In Part 1, we first became acquainted with essential user interface navigation before creating an idealized, analysis-specific representation of our bracket. Next stop on our journey - meshing. Sometimes referred to as gridding, meshing is the process of dividing up geometry into discrete regions that can be subjected to numerical solution. To sound extra smart, or if you just like big words, you may also refer to meshing as a form of 'domain discretization.'
A few things to keep in mind while you watch the video below - (i) NX CAE allows you create a mesh that is associative to its native CAD geometry, (ii) meshes inherit the material definition of their parent CAD by default, but this can be altered, (iii) it is often a good idea to verify the quality of your mesh using the built-in FEA model check feature. You'll also be introduced to the concept of a mesh collector - a bin for storing and organizing meshes of the same variety. Click on the video to commence playback.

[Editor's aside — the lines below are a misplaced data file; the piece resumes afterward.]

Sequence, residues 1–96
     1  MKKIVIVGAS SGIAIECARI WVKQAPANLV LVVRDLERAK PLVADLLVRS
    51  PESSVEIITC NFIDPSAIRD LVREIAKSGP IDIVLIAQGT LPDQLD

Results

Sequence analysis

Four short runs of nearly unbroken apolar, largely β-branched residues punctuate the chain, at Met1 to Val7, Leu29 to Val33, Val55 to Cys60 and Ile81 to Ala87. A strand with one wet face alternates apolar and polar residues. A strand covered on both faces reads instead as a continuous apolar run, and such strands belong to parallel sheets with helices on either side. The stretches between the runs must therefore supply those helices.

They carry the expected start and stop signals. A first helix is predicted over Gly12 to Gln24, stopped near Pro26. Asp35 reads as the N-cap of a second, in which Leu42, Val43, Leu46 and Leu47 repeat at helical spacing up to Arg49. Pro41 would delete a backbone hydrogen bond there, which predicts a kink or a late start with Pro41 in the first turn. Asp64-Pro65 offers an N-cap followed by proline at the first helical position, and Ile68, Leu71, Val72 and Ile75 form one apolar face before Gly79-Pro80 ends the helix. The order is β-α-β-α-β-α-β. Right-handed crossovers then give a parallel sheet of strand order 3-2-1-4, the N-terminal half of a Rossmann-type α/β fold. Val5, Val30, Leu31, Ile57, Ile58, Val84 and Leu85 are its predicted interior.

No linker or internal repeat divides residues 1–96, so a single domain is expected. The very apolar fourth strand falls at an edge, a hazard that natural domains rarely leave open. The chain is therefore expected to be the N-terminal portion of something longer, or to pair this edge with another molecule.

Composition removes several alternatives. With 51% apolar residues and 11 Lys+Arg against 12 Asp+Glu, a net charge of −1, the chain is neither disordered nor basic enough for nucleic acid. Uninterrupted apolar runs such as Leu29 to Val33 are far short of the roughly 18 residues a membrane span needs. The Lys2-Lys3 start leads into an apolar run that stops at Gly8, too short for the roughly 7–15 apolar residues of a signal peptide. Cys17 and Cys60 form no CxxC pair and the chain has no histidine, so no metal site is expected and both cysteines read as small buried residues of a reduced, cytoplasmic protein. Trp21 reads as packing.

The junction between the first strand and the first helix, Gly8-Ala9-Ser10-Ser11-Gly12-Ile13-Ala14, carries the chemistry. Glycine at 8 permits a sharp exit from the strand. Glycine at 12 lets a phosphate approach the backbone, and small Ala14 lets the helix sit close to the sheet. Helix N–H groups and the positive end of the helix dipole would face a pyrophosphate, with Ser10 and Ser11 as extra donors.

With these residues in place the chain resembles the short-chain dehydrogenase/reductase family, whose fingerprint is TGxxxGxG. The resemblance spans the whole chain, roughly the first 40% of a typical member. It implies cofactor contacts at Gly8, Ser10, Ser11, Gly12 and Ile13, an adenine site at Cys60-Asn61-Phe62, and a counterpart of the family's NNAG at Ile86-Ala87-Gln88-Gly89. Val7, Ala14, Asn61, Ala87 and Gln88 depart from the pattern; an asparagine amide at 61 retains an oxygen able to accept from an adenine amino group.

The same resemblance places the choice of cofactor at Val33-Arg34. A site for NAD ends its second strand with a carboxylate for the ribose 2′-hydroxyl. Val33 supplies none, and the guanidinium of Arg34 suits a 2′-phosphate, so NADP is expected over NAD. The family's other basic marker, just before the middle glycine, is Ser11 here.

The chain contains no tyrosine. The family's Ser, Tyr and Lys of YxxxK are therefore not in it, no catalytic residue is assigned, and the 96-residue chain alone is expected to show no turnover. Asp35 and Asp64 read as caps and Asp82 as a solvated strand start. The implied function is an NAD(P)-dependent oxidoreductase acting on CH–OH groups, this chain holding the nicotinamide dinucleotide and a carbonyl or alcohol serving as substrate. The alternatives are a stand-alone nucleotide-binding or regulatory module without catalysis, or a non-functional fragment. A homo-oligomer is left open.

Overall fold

Next, let's apply a hard constraint to the model before investigating the bracket's response to various loading conditions. Note how a load can be applied to a polygon edge or face without being associated to any particular mesh element. This allows the load to be retained and updated in the event of a downstream geometry modification. Also, keep in mind that multiple subcases can be rolled into a single solution, reducing file redundancy while saving you precious time. Click on the video to commence playback.
Stay tuned for Part 3 where will execute the model, extract the results, and wrap up the analysis in a report. In the meantime, I'd like to invite you to share your own experience or comment below.